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1 - ISGlobal, Barcelona, Spain.
2 - Universitat Pompeu Fabra (UPF), Barcelona, Spain.
3 - CIBER Epidemiología y Salud Pública (CIBERESP), Barcelona, Spain.
4 - IMIM (Hospital del Mar Research Institute), Barcelona, Spain.
5 - CINTESIS, Center for Research in Health Technology and Information Systems, Faculdade de Medicina da Universidade do Porto, Porto, Portugal.
6 - Medida, Lda Porto, Porto, Portugal.
7 - KYomed INNOV, Montpellier, France.
8 - Upper Airways Research Laboratory, ENT Dept, Ghent University Hospital, Ghent, Belgium.
9 - MACVIA-France, Montpellier, France.
10 - Department of Dermatology and Allergy Centre, Odense University Hospital, Odense Research Center for Anaphylaxis (ORCA), Odense, Denmark.
11 - Woolcock Institute of Medical Research, University of Sydney and Woolcock Emphysema Centre and Sydney Local Health District, Glebe, NSW, Australia.
12 - Allergy Section, Department of Internal Medicine, Hospital Vall d'Hebron & ARADyAL Research Network, Barcelona, Spain.
13 - ProAR - Nucleo de Excelencia em Asma, Federal University of Bahia, Brasil and WHO GARD Planning Group, Salvador, Brazil.
14 - Department of Otorhinolaryngology, Amsterdam University Medical Centres, AMC, Amsterdam, The Netherlands.
15 - Euforea, Brussels, Belgium.
16 - Department of Otorhinolaryngology, University Hospitals Leuven, Leuven, Belgium.
17 - Academic Medical Center, University of Amsterdam, Amsterdam, The Netherlands.
18 - Servicio de Alergia e Immunologia, Clinica Santa Isabel, Buenos Aires, Argentina.
19 - Center for Rhinology and Allergology, Wiesbaden, Germany.
20 - Division of Internal Medicine, Asthma and Allergy, Barlicki University Hospital, Medical University of Lodz, Lodz, Poland.
21 - Department of Pathology, Faculty of Medicine, Institute of Biomedical Sciences, Vilnius University, Vilnius, Lithuania.
22 - Clinic of Chest diseases and Allergology, Faculty of Medicine, Institute of Clinical Medicine, Vilnius, Lithuania.
23 - Center of Excellence in Asthma and Allergy, Médica Sur Clinical Foundation and Hospital, México City, Mexico.
24 - Sachs' Children and Youth Hospital, Södersjukhuset, Stockholm, Sweden.
25 - Institute of Environmental Medicine, Karolinska Institutet, Stockholm, Sweden.
26 - Allergy and Clinical Immunology Unit, Department of Medical Sciences, University of Torino & Mauriziano Hospital, Torino, Italy.
27 - Institute of Medical Statistics, and Computational Biology, Medical Faculty, University of Cologne, Cologne, Germany.
28 - CRI-Clinical Research International-Ltd, Hamburg, Germany.
29 - Rhinology Unit & Smell Clinic, ENT Department, Hospital Clínic, University of Barcelona, Barcelona, Spain.
30 - Clinical & Experimental Respiratory Immunoallergy, IDIBAPS, CIBERES, University of Barcelona, Barcelona, Spain.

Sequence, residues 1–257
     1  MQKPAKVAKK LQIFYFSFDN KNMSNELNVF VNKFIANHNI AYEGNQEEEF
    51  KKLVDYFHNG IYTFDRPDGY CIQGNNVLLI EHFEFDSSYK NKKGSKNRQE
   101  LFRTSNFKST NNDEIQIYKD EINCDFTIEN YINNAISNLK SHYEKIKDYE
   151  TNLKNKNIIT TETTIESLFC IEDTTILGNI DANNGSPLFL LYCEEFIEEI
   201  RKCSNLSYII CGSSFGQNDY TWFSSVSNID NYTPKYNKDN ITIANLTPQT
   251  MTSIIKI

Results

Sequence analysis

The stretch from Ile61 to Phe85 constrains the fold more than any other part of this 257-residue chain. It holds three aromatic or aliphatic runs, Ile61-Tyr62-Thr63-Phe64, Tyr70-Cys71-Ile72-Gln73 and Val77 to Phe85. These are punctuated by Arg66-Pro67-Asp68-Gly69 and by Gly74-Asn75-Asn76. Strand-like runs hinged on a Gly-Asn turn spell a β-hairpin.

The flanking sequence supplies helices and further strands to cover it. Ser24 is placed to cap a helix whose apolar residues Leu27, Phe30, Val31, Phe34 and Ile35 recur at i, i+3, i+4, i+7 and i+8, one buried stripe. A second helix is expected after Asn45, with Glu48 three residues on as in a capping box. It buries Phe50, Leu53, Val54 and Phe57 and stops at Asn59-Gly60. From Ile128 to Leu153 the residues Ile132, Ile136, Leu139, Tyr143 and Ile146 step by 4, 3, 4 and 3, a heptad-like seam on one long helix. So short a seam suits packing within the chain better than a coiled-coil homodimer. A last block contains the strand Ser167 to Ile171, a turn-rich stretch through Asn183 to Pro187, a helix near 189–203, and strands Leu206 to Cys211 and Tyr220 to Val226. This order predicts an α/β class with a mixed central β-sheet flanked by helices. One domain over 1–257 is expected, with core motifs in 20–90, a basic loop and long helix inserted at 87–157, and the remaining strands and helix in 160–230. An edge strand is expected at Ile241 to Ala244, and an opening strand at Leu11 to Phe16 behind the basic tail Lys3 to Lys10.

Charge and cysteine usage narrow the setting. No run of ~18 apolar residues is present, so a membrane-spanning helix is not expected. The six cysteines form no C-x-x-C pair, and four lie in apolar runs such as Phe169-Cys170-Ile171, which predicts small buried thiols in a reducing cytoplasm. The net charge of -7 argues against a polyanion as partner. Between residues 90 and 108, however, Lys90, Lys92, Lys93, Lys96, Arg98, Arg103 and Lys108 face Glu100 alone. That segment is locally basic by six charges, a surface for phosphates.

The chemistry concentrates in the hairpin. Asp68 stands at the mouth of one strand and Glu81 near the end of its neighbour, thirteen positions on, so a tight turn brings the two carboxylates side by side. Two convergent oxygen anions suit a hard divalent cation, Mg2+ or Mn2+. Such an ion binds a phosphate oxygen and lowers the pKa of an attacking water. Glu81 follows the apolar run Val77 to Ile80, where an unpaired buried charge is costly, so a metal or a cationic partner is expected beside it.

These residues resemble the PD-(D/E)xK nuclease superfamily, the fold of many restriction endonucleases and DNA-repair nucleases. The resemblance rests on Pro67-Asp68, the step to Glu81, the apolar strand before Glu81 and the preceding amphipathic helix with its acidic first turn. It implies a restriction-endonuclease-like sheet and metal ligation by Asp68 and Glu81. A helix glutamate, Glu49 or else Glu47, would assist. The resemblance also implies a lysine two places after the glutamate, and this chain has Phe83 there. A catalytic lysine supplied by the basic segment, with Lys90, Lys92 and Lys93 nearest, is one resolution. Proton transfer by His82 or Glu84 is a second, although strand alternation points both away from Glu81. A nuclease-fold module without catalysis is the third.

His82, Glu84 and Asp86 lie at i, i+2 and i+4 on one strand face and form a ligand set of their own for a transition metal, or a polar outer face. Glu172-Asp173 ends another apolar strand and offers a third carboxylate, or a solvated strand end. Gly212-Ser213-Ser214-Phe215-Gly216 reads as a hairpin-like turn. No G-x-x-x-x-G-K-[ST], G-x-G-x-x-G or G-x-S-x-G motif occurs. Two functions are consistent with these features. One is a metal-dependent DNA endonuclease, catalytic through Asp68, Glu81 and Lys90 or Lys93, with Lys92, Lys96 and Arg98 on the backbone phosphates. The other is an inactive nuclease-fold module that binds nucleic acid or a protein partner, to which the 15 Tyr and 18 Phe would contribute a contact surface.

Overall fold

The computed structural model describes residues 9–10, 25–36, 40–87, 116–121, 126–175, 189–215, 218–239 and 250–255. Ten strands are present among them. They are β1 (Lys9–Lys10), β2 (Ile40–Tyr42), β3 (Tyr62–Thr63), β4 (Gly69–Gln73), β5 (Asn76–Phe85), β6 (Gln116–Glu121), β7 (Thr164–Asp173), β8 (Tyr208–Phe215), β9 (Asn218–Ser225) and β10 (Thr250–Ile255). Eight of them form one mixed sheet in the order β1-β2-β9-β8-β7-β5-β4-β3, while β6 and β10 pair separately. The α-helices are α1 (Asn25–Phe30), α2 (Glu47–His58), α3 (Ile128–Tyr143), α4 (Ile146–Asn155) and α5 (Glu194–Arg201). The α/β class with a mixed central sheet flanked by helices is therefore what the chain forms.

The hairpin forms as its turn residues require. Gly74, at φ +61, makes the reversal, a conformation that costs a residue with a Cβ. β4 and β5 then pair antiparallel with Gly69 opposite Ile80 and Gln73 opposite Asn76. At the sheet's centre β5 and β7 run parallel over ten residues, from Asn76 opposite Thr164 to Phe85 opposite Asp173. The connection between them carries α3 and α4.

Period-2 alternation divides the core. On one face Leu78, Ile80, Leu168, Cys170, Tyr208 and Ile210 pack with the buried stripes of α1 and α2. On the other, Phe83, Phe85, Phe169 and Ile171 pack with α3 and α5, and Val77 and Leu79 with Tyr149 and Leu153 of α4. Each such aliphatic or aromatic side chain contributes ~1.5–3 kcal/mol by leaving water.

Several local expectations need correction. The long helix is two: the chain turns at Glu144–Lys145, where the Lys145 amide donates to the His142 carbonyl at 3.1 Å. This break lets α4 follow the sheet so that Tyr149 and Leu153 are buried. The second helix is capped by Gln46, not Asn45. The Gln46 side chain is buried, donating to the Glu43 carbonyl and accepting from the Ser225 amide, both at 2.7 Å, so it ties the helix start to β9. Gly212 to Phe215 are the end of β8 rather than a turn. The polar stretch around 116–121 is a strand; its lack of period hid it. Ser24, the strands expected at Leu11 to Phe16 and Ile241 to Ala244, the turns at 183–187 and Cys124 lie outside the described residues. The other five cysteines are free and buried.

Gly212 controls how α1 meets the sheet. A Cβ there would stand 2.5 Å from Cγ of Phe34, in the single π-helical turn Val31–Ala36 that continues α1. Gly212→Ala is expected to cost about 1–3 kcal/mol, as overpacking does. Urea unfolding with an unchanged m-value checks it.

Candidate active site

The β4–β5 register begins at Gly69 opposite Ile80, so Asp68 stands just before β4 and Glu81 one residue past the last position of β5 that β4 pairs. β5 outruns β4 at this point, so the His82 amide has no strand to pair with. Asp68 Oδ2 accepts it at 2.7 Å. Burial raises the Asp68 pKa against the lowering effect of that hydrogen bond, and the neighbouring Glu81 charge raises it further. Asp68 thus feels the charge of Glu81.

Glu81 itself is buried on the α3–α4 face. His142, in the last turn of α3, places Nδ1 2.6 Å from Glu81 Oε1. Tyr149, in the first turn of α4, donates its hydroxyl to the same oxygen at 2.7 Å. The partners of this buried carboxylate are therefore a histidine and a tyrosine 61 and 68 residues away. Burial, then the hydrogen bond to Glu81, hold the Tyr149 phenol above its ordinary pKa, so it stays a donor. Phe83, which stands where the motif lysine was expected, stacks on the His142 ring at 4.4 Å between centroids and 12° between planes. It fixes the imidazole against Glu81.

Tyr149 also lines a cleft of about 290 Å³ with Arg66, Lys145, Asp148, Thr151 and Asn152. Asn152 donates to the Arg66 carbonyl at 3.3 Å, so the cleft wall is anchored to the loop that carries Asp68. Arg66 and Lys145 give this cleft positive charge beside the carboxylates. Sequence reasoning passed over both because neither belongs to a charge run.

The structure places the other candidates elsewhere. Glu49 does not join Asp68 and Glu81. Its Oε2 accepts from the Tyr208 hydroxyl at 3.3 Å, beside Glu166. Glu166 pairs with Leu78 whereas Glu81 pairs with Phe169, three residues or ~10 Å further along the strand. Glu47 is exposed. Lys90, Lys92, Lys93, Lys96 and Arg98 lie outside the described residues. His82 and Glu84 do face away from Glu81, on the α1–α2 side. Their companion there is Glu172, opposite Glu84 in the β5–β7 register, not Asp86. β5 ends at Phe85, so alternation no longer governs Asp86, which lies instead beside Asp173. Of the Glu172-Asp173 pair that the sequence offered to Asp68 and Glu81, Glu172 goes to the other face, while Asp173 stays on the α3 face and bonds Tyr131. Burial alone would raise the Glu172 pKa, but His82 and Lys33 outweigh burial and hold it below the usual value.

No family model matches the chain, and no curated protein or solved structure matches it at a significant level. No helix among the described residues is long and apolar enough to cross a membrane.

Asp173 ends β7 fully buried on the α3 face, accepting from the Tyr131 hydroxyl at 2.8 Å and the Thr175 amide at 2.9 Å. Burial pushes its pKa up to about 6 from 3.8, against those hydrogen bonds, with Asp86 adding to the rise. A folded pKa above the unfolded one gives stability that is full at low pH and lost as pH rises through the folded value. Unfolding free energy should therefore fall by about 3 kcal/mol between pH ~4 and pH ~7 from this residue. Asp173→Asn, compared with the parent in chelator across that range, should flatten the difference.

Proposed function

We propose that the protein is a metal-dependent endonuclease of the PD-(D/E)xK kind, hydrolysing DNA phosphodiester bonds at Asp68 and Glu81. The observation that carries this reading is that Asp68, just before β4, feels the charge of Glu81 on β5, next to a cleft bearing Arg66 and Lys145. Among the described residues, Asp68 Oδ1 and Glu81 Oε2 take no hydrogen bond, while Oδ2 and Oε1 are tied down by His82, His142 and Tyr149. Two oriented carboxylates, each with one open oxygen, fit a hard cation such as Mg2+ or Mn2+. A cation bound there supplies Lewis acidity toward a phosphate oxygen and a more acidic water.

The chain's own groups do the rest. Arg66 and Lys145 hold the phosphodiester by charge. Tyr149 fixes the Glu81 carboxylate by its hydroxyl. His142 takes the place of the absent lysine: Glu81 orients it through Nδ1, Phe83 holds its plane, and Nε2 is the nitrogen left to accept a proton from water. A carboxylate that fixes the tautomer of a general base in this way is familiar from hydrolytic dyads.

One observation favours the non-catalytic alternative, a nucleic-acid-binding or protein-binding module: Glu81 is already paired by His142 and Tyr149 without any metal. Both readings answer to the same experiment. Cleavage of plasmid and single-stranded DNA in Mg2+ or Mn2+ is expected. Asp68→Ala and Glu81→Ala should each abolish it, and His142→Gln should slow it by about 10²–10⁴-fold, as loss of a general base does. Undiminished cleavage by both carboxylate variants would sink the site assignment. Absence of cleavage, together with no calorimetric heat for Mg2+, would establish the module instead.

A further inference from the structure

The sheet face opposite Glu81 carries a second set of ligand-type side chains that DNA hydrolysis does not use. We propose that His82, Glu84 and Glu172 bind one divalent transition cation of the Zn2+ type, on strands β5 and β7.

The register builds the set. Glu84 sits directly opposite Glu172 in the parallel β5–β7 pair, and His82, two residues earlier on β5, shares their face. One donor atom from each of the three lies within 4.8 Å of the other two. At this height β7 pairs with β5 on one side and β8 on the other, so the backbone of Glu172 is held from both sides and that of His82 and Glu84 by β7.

31 - Division of Infection, Immunity & Respiratory Medicine, Royal Manchester Children's Hospital, University of Manchester, Manchester, UK.
32 - Allergy Department, Pasteur Institute, Paris, France.
33 - Department of Prevention of Environmental Hazards and Allergology, Medical University of Warsaw, Warsaw, Poland.
34 - Department of General ORL, H&NS, Medical University of Graz, Graz, Austria.
35 - Skin and Allergy Hospital, Helsinki University Hospital, and University of Helsinki, Helsinki, Finland.
36 - Unit of Geriatric Immunoallergology, University of Bari Medical School, Bari, Italy.
37 - Department of Pulmonary Diseases, Faculty of Medicine, Celal Bayar University, Manisa, Turkey.
38 - University Hospital, Montpellier, France.
39 - INSERM U 1168, VIMA: Ageing and Chronic Diseases Epidemiological and Public Health Approaches, Villejuif, France.
40 - UMR-S 1168, Université Versailles St-Quentin-en-Yvelines, Versailles, France.
41 - Charité, Universitätsmedizin Berlin, Humboldt-Universität zu Berlin, Berlin, Germany.
42 - Comprehensive Allergy Center, Department of Dermatology and Allergy, Berlin Institute of Health, Berlin, Germany.
43 - Department of Otorhinolaryngology, Head and Neck Surgery, Section of Rhinology and Allergy, University Hospital Marburg, Phillipps-Universität, Marburg, Germany.

Background: In allergic rhinitis, a relevant outcome providing information on the effectiveness of interventions is needed. In MASK-air (Mobile Airways Sentinel Network), a visual analogue scale (VAS) for work is used as a relevant outcome. This study aimed to assess the performance of the work VAS work by comparing VAS work with other VAS measurements and symptom-medication scores obtained concurrently.
Methods: All consecutive MASK-air users in 23 countries from 1 June 2016 to 31 October 2018 were included (14 189 users; 205 904 days). Geolocalized users self-assessed daily symptom control using the touchscreen functionality on their smart phone to click on VAS scores (ranging from 0 to 100) for overall symptoms (global), nose, eyes, asthma and work. Two symptom-medication scores were used: the modified EAACI CSMS score and the MASK control score for rhinitis. To assess data quality, the intra-individual response variability (IRV) index was calculated.
Results: A strong correlation was observed between VAS work and other VAS. The highest levels for correlation with VAS work and variance explained in VAS work were found with VAS global, followed by VAS nose, eye and asthma. In comparison with VAS global, the mCSMS and MASK control score showed a lower correlation with VAS work. Results are unlikely to be explained by a low quality of data arising from repeated VAS measures.
Conclusions:  VAS work correlates with other outcomes (VAS global, nose, eye and asthma) but less well with a symptom-medication score. VAS work should be considered as a potentially useful AR outcome in intervention studies.

Palavras Chave: MASK; asthma; rhinitis; score; visual analogue scale.